By Sarah Kickler Kelber
The Baltimore Sun
9:09 AM EST, December 24, 2012
My baby boy is about to turn 1. The where-is-time-going panic that is inducing is a post for another day, but I'm starting to wonder, as he gets older, how do we differentiate his birthday celebration from the holiday celebrations?
Aaron was due on Christmas Day, and I heard from many December babies how much they disliked having their birthdays wrapped up with the holidays (so to speak). I was terrified I'd go into labor on Christmas Eve or Christmas Day since my husband was in Afghanistan and my older son was understanding Christmas for the first time. But as it turned out, that wasn't a problem. He waited a few more days before making his appearance.
This year, we're not worried about it because, you know, he's 1. But going forward, I was looking for tips for making his birthday special even as we're also celebrating Christmas and Hanukkah at our house. I decided to ask my friends on social media (since some of them had been vocal when they heard Aaron's original due date).
-- First and foremost, December babies don't want their birthday presents wrapped in Christmas paper. Joint presents were also recommended against. (I don't know that we'll always follow that rule -- we do a lot of joint presents already. When my husband surprised me with a camera a couple of years ago, that was my 10th wedding anniversary present, Valentine's Day, birthday and Mother's Day all wrapped into one. So we might break that one occasionally, but only if we break it for the June birthday kid as well, right?)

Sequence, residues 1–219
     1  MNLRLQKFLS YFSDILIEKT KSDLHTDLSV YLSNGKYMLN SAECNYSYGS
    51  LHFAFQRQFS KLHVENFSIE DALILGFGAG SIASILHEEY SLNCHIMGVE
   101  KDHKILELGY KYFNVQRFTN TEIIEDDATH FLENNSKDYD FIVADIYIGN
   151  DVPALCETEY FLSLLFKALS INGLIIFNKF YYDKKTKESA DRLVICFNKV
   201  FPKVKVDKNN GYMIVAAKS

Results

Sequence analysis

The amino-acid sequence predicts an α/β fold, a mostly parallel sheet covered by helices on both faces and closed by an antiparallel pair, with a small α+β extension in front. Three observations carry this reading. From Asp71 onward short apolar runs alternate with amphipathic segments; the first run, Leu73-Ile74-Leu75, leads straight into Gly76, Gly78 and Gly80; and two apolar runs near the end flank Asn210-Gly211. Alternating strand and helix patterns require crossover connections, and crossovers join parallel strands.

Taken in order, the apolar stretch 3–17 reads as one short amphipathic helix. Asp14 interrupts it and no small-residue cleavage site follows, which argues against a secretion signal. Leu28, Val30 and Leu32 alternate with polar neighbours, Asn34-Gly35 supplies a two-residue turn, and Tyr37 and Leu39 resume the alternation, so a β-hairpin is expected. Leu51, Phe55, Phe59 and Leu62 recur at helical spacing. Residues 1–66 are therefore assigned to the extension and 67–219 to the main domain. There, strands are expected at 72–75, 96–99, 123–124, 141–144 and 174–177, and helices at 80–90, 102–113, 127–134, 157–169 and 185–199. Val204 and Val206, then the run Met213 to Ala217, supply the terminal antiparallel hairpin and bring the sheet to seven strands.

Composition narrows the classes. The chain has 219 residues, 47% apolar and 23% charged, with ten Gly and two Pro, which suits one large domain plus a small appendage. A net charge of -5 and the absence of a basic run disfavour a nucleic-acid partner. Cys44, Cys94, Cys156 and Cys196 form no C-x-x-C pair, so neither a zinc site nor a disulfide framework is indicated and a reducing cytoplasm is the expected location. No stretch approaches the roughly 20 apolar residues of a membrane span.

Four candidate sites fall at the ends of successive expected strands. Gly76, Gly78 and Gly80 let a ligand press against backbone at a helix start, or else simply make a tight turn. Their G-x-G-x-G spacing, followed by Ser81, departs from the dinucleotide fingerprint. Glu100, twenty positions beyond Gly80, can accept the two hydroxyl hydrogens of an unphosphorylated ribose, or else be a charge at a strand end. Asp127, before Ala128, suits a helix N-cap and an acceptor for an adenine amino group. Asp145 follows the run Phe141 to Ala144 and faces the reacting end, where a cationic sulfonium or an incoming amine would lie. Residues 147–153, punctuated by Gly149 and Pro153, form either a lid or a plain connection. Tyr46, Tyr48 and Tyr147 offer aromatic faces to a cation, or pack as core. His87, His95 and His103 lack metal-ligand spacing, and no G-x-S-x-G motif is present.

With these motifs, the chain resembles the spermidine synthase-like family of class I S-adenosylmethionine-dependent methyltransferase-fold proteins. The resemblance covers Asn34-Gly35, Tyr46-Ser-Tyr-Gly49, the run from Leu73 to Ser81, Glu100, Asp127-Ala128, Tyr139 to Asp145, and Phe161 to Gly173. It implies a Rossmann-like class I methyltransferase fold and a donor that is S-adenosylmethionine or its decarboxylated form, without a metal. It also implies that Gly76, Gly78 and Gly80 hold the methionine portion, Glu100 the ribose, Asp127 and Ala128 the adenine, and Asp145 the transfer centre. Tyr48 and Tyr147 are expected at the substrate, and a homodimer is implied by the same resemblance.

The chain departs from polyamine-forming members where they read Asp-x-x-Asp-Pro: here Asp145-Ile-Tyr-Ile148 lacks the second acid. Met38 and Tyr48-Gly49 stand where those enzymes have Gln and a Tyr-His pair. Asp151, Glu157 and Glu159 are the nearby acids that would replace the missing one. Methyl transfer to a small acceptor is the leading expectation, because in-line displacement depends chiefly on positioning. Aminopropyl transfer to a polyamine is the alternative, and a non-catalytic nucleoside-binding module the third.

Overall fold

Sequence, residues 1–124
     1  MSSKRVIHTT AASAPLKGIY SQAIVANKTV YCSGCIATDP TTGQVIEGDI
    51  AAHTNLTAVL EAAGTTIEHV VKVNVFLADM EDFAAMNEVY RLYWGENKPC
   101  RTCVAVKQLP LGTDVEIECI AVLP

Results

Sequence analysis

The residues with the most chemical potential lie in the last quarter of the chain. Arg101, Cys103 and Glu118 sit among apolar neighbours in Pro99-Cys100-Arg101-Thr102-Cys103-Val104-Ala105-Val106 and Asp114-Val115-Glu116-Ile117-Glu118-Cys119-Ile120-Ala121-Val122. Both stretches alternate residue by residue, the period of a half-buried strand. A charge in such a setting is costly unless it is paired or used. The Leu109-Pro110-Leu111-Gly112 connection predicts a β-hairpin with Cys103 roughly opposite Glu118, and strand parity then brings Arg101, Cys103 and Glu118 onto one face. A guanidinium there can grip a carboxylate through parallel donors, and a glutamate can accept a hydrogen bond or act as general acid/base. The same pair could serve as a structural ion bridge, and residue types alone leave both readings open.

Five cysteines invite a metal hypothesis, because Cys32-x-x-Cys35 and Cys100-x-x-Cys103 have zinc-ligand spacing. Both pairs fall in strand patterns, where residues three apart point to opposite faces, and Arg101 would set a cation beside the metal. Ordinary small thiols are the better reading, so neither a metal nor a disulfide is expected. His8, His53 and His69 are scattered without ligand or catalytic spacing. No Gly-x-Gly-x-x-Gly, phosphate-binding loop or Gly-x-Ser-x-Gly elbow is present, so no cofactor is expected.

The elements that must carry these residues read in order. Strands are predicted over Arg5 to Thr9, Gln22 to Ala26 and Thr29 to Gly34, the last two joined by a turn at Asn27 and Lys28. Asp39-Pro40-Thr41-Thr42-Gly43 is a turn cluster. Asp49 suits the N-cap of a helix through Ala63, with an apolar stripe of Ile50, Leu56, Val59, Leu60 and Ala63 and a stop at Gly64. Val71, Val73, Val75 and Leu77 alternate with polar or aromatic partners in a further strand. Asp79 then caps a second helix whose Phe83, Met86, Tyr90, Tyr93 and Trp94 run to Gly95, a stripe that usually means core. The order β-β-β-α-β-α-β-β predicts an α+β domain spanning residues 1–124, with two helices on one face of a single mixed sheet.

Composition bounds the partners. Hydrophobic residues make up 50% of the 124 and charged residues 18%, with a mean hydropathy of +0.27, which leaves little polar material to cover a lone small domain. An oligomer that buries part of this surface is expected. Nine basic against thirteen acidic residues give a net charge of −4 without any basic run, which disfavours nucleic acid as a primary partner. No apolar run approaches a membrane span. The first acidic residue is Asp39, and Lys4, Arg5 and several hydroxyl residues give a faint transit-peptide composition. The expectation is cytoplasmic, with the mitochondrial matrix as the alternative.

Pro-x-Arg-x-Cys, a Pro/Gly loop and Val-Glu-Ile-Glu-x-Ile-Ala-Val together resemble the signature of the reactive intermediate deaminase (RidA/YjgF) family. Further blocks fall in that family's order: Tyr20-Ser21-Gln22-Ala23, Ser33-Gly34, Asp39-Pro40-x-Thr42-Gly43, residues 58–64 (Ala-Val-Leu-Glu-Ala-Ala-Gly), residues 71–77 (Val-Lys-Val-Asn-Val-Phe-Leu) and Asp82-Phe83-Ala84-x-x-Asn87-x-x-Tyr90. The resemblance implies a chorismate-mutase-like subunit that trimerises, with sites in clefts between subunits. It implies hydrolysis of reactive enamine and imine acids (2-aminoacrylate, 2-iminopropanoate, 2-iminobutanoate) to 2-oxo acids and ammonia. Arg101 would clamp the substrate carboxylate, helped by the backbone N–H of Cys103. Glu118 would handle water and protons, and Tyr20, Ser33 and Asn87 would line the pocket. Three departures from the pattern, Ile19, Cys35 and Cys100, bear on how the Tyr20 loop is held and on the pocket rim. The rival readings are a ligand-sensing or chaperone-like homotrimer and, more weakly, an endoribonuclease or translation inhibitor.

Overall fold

-- One friend's daughter has the same birthday as Aaron -- the 29th -- and she takes down all the Christmas decorations before that so it feels more like a separate birthday celebration. Other friends (now grown-up) mentioned that they liked keeping their birthday presents under the tree and the added festive feelings of having their birthdays during the holidays.
-- As far as birthday parties and school celebrations, some folks suggested doing a party in the summer when friends were around (or, if closer to the actual birthday, still making sure the party date is when friends are around) and making sure to do the classroom celebration before winter break.
-- Another option is having a birthday tradition with family who is in town for the holidays. One friend reported that her son has done a bowling party with his cousins and still adores that.If you have a child with a Christmastime birthday, how do you differentiate the two? And if you are a Christmastime baby yourself, what are your do's and don'ts?
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